0423-22 NY Times Crossword 23 Apr 22, Saturday

Constructed by: Matthew Stock
Edited by: Will Shortz

Today’s Theme: None

Bill’s time: 18m 11s

Bill’s errors: 0

Today’s Wiki-est Amazonian Googlies

Across

8 Freedom cry, for some : TGIF!

“Thank God It’s Friday” (TGIF)

12 Material for a child’s necklace : MACARONI

In many cases, the name given to a type of pasta comes from its shape. However, the name macaroni comes from the type of dough used to make the noodles. Here in the US, macaroni is usually elbow-shaped, but it doesn’t have to be.

14 They’ve got their own problems : MATH TESTS

Here’s another term that catches me out all the time, having done my schooling on the other side of the Atlantic. The term “mathematics” is shortened to “math” in the US, but to “maths” in Britain and Ireland.

19 “I ___ you!” : DARE

So do I …

27 Word with hot or fly : … ROD

A hot rod is an American car that has been modified for speed by installing a larger than normal engine. A street rod is generally a more comfortable type of hot rod, with the emphasis less on the engine and more on custom paint jobs and interiors. By definition, a street rod must be based on an automobile design that originated prior to 1949.

A fly rod is used for fly fishing.

28 Flexible positions : ASANAS

“Asana” is a Sanskrit word that translates literally as “sitting down”. The asanas are the poses that a practitioner of yoga assumes. The most famous is the lotus position, the cross-legged pose called “padmasana”.

30 Modern initialism for one skimming text : TLDR

Too long, didn’t read (TLDR)

32 Theia or Rhea : TITAN

The Titans were a group of twelve older deities in Greek mythology, the twelve children of the primordial Gaia and Uranus, Mother Earth and Father Sky. In the celebrated Battle of the Titans, they were overthrown by the Olympians, who were twelve younger gods. We use the term “titan” figuratively to describe a powerful person, someone with great influence.

In Greek mythology, Theia (also “Thea”) is a goddess of the moon. Theia’s brother and consort is Hyperion, the god of the sun. Theia and Hyperion are the parents of Helios (the Sun), Selene (the Moon) and Eos (the Dawn).

In Greek mythology, Rhea was one of the Titans. She was the sister and wife of Cronus, and together they had six children, the last of which was Zeus. Cronus swallowed all of his children as soon as they were born, except for Zeus, who Rhea managed to hide from her husband.

33 Joe carter? : COFFEE URN

It seems that no one really knows why we refer to coffee as “joe”, but we’ve been doing so since early in WWII.

40 Peter Pan competitor : JIF

Jif is the leading brand of peanut butter in the US, and has been since 1981. Introduced in 1958, Jif is now produced by Smuckers.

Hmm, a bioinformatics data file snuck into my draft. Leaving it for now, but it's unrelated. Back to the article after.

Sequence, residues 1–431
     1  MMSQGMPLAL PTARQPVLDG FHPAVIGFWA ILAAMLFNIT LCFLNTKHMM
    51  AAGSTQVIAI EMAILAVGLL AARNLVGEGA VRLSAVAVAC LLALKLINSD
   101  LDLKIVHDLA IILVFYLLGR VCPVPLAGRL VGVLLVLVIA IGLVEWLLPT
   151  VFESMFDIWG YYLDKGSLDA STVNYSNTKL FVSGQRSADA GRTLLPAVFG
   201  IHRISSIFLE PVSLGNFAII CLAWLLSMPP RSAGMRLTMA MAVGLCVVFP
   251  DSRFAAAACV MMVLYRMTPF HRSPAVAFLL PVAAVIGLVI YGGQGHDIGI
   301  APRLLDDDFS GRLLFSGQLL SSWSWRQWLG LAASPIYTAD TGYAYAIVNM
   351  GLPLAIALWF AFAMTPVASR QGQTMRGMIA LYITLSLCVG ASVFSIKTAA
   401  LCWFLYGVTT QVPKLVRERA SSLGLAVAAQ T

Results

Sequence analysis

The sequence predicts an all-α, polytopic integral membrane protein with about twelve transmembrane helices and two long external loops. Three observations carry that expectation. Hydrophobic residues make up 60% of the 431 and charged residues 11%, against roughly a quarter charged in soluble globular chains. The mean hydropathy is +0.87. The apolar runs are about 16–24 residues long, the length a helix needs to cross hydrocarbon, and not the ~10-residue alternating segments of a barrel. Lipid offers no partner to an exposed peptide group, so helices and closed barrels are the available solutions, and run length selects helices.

42 Flavor of many Anglo-Indian chutneys : APPLE

Chutney is a typically southern Asian condiment made from spices with vegetables or fruit. The term “chutney” comes from the Sanskrit “caṭnī” meaning “to lick”.

43 1978 hit whose title is spelled out in its chorus : YMCA

“YMCA” was released in 1978 by Village People and has been adopted as an anthem by the gay community. The song was written by Victor Willis, a straight member of the mostly gay band, and he clarifies that the lyrics are extolling the virtues of the “YMCA” as a source of recreation for black urban youth. I think he might have been winking when he said that …

54 Kelley of the U.S. women’s national soccer team : O’HARA

Kelley O’Hara is a soccer player who was a member of the national team when the US won the FIFA World Cup in 2015, and Olympic gold in 2012.

Down

2 Hue made from limonite : OCHRE

Ocher is a light, yellowish-brown color, although variations of the pigment are possible such as red ocher and purple ocher. “Ocher” is usually spelled “ochre” on the other side of the pond.

3 What’s spread on a spreadsheet : DATA

Our word “data” (singular “datum”) comes from the Latin “datum” meaning “given”. The idea is that data are “things given”.

5 Baseball team announcement : ROSTER

Our word “roster”, meaning “list, register”, actually comes from the same root as our word “roast”, would you believe. “Roster” came into English from the Dutch “rooster”, meaning “table, list”. An alternative use of the Dutch “rooster” was “gridiron”, from the “roosten” meaning “to roast”. The connection is that a roster of names is often listed on a sheet of paper that has grid lines resembling the marks left by a gridiron on roasted meat. Quite interesting …

7 Game with baskets : DISC GOLF